That probably goes without saying. But as a parent, I’ll plainly admit that I soon will reach a point where I’m the one being “home schooled” (provided that hasn’t already happened). And that’s okay by me. :)
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Re: Parenting In The Simulation Age

Unread postby SacredCowSlayer on Sat Jan 26, 2019 6:40 pm

caran25 » January 26th, 2019, 10:20 am wrote:. . .
If you can't be herded into the corral , you are a problem with a certifiable disease.


The controllers want (1.) prompt and (2.) unquestioning (3.) compliance, with few exceptions. Nothing more, nothing less.

So, anyone who presents a challenge to any of those three things (underlined above) will have a “solution” presented to (or waiting for) them.

It may come in the form of “school discipline,” “mental health treatment,” or socially engineered environments designed to discourage being different. For all the talk of embracing differences and being “tolerant” etc., the pressures to (essentially) be the same are intense.

Some of you may recall that throughout school growing up, the teachers or professors would assure you there were “no stupid questions.” Oh my, how deceptive that line was. It turns out that the only questions permitted to be asked and “explored” were the ones that dogmatically avoided challenging the underlying premises of the given topic.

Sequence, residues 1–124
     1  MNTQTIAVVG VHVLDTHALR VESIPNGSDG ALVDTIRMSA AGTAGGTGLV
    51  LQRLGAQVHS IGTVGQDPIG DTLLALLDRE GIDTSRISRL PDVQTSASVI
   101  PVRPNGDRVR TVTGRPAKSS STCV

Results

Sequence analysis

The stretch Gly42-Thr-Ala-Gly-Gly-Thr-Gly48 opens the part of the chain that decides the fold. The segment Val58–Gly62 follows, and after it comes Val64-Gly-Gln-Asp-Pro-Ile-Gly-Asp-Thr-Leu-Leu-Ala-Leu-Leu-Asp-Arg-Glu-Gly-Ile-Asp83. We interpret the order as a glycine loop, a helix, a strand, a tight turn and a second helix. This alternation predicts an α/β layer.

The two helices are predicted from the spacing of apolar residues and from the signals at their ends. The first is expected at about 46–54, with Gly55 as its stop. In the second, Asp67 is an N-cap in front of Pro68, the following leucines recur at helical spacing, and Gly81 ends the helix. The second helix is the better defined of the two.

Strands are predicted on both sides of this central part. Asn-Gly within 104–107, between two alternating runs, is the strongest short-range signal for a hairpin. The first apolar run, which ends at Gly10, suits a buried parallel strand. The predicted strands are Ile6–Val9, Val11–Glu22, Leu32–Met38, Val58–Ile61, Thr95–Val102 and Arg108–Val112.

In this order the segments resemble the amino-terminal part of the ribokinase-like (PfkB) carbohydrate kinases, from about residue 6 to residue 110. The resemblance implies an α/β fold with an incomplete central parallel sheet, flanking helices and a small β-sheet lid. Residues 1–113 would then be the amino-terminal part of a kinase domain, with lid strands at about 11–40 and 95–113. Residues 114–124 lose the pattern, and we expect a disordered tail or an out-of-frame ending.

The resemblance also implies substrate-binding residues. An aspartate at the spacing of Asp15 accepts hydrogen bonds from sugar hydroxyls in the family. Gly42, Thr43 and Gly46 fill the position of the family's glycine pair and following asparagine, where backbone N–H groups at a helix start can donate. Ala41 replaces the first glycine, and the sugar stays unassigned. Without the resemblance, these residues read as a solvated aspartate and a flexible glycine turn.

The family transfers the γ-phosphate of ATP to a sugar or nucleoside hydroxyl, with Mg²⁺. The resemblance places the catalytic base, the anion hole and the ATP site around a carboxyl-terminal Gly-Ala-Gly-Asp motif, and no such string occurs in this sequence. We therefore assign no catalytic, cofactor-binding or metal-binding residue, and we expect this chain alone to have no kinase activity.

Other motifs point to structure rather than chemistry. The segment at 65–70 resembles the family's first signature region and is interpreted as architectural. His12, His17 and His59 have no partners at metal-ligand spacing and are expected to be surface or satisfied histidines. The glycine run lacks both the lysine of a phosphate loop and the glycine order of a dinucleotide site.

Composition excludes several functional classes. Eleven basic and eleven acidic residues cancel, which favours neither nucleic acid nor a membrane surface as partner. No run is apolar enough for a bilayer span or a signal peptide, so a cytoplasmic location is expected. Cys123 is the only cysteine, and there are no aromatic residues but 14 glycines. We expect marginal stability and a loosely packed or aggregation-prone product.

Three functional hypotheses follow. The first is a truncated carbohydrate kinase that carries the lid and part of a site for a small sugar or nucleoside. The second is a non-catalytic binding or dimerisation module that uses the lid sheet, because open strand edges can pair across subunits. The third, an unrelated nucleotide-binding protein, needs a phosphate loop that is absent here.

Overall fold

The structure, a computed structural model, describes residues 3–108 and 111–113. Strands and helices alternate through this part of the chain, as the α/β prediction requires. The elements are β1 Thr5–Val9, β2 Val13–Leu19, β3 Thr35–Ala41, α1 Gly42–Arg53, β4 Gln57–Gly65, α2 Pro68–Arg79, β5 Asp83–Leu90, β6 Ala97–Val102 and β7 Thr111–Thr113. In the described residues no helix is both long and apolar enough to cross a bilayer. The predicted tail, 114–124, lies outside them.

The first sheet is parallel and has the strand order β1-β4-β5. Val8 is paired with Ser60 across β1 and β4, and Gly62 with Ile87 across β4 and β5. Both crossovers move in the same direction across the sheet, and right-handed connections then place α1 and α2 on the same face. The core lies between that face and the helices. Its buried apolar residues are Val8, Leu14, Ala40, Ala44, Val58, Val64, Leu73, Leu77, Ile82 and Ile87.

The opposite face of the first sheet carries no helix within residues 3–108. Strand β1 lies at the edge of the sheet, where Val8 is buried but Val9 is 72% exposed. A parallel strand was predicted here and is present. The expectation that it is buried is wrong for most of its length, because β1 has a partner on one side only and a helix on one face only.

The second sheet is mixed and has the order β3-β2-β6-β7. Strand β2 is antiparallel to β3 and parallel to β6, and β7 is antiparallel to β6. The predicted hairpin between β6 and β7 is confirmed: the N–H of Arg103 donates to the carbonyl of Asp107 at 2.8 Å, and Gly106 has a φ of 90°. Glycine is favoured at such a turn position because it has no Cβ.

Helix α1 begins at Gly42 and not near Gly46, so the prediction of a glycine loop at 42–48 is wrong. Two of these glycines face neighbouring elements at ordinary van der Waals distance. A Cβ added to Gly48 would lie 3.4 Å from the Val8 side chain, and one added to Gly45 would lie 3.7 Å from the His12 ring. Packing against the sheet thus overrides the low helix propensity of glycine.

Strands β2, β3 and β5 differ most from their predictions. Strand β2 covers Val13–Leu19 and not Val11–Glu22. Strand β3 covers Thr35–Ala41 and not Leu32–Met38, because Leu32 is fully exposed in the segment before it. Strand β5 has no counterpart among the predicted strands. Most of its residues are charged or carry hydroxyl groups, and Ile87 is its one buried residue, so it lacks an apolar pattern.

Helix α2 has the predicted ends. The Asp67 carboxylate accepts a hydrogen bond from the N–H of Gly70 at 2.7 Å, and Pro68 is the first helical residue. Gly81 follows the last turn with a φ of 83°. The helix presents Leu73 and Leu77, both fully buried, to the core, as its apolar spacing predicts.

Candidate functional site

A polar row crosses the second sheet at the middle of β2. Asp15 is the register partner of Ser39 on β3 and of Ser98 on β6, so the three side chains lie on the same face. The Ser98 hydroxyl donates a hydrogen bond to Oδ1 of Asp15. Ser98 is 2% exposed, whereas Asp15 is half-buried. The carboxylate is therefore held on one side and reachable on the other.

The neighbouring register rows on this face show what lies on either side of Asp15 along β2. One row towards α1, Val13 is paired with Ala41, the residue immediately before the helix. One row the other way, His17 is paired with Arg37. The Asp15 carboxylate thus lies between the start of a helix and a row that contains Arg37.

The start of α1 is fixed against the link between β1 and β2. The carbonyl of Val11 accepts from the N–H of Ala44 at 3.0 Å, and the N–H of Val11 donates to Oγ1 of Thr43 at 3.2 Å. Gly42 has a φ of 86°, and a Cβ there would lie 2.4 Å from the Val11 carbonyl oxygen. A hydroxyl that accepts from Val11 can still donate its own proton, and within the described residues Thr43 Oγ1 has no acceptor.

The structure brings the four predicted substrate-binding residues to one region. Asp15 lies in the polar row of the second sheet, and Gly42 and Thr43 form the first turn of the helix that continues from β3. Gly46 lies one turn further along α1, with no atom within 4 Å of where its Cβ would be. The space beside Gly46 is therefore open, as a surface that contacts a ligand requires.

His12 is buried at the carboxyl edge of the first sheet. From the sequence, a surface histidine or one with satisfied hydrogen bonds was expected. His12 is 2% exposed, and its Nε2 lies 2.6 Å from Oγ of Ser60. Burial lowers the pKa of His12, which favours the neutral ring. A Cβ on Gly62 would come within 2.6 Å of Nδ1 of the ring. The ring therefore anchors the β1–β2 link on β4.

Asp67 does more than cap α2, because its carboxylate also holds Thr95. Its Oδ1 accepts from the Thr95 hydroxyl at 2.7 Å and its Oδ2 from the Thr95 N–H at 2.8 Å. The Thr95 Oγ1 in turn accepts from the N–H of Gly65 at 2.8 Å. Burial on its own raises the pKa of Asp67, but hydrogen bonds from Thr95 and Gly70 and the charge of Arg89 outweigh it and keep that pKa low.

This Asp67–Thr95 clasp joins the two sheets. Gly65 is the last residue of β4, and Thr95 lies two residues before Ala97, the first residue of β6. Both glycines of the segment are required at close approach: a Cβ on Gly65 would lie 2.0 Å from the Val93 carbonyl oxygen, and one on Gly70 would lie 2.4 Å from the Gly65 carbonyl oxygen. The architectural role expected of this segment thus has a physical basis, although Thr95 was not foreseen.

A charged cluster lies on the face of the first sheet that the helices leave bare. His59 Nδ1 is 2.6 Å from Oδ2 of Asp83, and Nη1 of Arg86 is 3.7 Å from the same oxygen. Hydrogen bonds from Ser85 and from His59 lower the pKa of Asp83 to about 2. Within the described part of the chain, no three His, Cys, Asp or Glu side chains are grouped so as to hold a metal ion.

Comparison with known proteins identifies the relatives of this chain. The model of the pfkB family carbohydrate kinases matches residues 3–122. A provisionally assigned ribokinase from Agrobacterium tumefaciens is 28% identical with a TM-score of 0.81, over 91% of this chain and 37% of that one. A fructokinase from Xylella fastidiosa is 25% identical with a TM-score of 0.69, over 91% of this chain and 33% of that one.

Consider the recent advent of the oh so bogus “Oppositional Defiant Disorder,” also known as ODD. Talk about an official way to enforce compliance!

At Wikipedia you may read:

The fourth revision [Yeah, keep “revising” them. . .you big Ass-Crack Clowns (ACC) :P ] Diagnostic and Statistical Manual (DSM-IV-TR) (now replaced by DSM-5) stated that the child must exhibit four out of the eight signs and symptoms to meet the diagnostic threshold for oppositional defiant disorder.[4] These symptoms include:

(1) Often loses temper
(2) Is often touchy or easily annoyed

(3) Is often angry and resentful

(4) Often argues with authority figures or for children and adolescents, with adults